GlobaLex, the electronic research collection maintained by the Hauser Global Law School Program at the New York University School of Law, has just published a new guide entitled The Inter-American System of Human Rights: A Research Guide
"The objective of this guide is to provide the researcher with a brief understanding of the historical development of the Inter-American system of human rights and of its resulting complexity. It is not purported to comment extensively on the Inter-American case law; rather it discusses the most salient institutional features of the system and it then directs the reader to a variety of sources on the system’s law in action."
"The guide summarizes the events and debates that led to the adoption of the American Declaration of the Rights and Duties of Man by the Organization of American States (OAS) in 1948 and to the negotiation and subsequent entry into force of the American Convention on Human Rights in 1978. It then introduces the reader to a brief discussion of the content of less-known regional human rights treaties associated to the American Convention."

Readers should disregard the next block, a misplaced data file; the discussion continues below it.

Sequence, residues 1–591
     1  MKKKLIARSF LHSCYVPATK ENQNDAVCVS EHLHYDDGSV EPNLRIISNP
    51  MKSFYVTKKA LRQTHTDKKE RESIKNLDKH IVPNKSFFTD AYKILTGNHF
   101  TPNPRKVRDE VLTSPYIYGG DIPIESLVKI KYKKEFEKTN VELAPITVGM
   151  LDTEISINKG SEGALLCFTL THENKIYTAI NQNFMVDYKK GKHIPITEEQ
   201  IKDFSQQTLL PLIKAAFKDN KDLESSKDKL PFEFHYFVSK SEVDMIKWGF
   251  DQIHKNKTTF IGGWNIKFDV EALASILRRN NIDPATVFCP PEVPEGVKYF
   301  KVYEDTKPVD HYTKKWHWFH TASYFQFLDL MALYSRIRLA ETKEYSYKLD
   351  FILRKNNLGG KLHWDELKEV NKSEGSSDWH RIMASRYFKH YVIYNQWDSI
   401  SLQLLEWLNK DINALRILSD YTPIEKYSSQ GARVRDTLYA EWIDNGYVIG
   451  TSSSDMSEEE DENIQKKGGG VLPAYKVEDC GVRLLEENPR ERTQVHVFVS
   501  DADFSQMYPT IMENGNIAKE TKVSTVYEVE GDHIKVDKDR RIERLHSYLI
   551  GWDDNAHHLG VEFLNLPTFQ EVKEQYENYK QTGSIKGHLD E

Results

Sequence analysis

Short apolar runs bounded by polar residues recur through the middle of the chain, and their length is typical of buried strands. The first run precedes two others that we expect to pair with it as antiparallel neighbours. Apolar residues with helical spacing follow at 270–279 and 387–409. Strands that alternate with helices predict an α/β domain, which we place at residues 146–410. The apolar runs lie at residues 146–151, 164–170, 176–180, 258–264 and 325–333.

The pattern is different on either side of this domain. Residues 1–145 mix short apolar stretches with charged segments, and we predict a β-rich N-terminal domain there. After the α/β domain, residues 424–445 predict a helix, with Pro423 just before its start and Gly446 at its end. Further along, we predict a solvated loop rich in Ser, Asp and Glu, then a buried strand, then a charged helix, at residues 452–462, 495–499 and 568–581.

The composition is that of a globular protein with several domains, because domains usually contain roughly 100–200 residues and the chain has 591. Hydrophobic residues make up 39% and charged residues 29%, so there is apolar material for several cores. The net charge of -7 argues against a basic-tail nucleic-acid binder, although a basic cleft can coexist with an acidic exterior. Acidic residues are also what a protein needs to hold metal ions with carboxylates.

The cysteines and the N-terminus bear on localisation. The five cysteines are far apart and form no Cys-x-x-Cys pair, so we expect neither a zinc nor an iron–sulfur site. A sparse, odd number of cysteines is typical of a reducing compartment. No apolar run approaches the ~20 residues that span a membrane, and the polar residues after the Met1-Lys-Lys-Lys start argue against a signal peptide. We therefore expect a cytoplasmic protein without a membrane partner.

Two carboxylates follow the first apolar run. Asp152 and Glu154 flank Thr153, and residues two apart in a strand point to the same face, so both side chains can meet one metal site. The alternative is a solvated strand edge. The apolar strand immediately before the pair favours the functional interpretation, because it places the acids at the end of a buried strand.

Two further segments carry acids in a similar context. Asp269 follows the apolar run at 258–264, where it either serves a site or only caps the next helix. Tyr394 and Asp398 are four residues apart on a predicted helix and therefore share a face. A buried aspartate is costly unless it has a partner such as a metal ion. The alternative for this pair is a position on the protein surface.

"In turn, the guide discusses the composition, competence as well as selected provisions of the rules of procedure of the two monitoring bodies of the Inter-American system of human rights: the Inter-American Commission on Human Rights, a principal organ of the OAS, whose headquarters are in Washington D.C., U.S.A., and the Inter-American Court of Human Rights, created by the American Convention and whose headquarters are in San Jose, Costa Rica. The guide also offers a glimpse into the activities performed and the case law delivered by both the Commission and the Court in 2009 through a summary of their latest Annual Reports. Finally, in the spirit of the Globalex project, the guide directs the reader to additional sources of information."
Labels: human rights, international law, international organizations, legal research and writing